Recomended Tubes and Tires

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Re: Recomended Tubes and Tires

Postby Chris Thornham » May 15th, 2016, 12:40 pm

fletch03 wrote:Would tubes w/ 80mm valves work for both 60s and 90s? I understand the 90s would still need a extension, but would it not work with just a 34mm extension? That would allow both wheels to use the same tube and only need an extension on the rear. Would this not work?


This would also work. Just keep in mind that 80mm tubes are much more expensive and at times harder to find. That's the main reason we recommend the 48mm tubes.

I hope that helps,
Chris Thornham
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Re: Recomended Tubes and Tires

Postby Gassman1 » September 24th, 2016, 5:18 pm

You recommend 48mm valves, but Conti doesn't make tubes with that length valve. Do you recommend a tube with 48mm valves? Thanks.
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Re: Recomended Tubes and Tires

Postby Chris Thornham » September 25th, 2016, 8:47 am

Gassman1 wrote:You recommend 48mm valves, but Conti doesn't make tubes with that length valve. Do you recommend a tube with 48mm valves? Thanks.


For training purposes I just get the most affordable option. Sometimes you can find them on sale. Q Tubes makes an affordable tube that has a removable valve core. You may want to start there. I'd go with the 18-23 by 48mm.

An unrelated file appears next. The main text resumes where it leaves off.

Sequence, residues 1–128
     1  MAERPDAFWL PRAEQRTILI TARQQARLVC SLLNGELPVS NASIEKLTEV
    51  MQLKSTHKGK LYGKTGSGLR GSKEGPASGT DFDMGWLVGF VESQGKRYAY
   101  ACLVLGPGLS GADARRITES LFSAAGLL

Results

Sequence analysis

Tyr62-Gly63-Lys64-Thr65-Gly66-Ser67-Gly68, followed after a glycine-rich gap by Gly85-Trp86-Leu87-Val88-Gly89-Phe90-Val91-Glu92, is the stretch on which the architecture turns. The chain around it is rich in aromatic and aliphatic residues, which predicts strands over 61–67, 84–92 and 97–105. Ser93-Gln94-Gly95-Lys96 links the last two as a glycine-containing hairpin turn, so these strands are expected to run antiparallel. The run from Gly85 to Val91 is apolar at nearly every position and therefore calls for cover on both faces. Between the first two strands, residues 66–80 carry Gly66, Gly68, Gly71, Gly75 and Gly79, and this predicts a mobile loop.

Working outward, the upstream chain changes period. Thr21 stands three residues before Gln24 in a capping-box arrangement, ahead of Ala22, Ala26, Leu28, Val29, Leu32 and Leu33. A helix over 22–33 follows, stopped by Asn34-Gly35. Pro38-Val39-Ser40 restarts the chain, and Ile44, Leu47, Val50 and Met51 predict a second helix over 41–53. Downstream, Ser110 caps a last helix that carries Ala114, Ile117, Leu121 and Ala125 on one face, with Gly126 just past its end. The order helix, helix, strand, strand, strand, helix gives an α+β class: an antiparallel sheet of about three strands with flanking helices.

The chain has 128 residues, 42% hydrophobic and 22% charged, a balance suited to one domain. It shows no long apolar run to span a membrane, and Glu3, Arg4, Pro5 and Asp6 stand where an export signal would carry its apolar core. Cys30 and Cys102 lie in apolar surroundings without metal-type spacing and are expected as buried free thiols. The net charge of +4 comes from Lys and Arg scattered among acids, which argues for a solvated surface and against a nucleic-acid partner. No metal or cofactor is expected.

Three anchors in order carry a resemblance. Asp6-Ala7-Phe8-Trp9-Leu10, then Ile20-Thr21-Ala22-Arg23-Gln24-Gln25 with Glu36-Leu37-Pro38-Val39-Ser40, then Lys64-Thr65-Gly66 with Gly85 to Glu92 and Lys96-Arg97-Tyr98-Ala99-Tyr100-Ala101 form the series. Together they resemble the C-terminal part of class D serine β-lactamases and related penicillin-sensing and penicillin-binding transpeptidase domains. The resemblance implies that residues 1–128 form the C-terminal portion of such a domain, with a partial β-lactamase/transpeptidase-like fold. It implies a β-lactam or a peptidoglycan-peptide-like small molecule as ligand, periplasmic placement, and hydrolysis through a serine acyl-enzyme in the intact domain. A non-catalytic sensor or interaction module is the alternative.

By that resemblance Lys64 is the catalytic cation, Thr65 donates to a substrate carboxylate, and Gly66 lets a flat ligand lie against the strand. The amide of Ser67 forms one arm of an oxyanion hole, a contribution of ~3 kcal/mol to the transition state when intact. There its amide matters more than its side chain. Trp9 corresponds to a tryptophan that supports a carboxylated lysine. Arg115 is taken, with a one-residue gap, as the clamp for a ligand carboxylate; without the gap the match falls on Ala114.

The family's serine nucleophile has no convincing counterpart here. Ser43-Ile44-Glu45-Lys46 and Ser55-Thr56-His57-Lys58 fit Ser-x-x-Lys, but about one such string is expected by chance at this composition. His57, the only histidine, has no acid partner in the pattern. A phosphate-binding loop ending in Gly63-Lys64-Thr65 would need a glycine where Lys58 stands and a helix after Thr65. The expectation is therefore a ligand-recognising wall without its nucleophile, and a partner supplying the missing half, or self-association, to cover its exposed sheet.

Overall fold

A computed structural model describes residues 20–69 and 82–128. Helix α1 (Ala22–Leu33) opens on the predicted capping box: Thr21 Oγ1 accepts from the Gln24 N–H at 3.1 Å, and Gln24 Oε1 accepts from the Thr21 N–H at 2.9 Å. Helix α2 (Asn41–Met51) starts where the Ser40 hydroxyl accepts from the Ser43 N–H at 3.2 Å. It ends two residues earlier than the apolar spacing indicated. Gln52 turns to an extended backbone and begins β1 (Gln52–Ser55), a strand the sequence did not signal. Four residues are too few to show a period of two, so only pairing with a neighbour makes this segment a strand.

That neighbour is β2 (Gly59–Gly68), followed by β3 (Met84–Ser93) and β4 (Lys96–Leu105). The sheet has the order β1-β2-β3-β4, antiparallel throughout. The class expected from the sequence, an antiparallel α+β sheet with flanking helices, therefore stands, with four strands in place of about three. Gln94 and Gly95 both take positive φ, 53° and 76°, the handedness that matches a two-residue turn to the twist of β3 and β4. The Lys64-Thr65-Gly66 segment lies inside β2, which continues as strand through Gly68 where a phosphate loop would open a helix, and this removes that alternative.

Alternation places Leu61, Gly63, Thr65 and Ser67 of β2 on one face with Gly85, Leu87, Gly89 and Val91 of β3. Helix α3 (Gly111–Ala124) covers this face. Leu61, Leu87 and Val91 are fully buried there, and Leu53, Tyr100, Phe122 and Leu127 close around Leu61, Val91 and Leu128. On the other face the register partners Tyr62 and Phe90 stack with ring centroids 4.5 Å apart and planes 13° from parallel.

http://www.jensonusa.com/Q-Tubes-Standard-700C-Presta-Tube

I hope that helps,
Chris Thornham
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Re: Recomended Tubes and Tires

Postby AlathIN » November 9th, 2016, 7:24 pm

Just joined the forum and plan to order a set of 60-90 cc's when I can sell a couple-few old wheel sets.
Did have a question about latex tubes. Your rationale for using them on race day makes sense. Do you keep them on all the time, or switch to butyl for training and general use?
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Re: Recomended Tubes and Tires

Postby Chris Thornham » November 10th, 2016, 12:50 pm

AlathIN wrote:Just joined the forum and plan to order a set of 60-90 cc's when I can sell a couple-few old wheel sets.
Did have a question about latex tubes. Your rationale for using them on race day makes sense. Do you keep them on all the time, or switch to butyl for training and general use?


Latex tubes are far more expensive. Using them during training means each flat will be more expensive. You could put a little sealant in each one to help prevent any flats. Personally, I would use butyl tubes for training and then switch to latex for racing. I'd make sure you leave plenty of time for your latex set up and do a few test runs since, the latex tubes can be much harder to work with and install. When installing them, make sure your rim tape is installed properly and there are no holes anywhere. Latex tubes have a way of finding any hole. Some people use two wraps of Stan's Tape for this installation.

I hope that helps,
Chris Thornham
FLO Cycling: http://www.flocycling.com
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Re: Recomended Tubes and Tires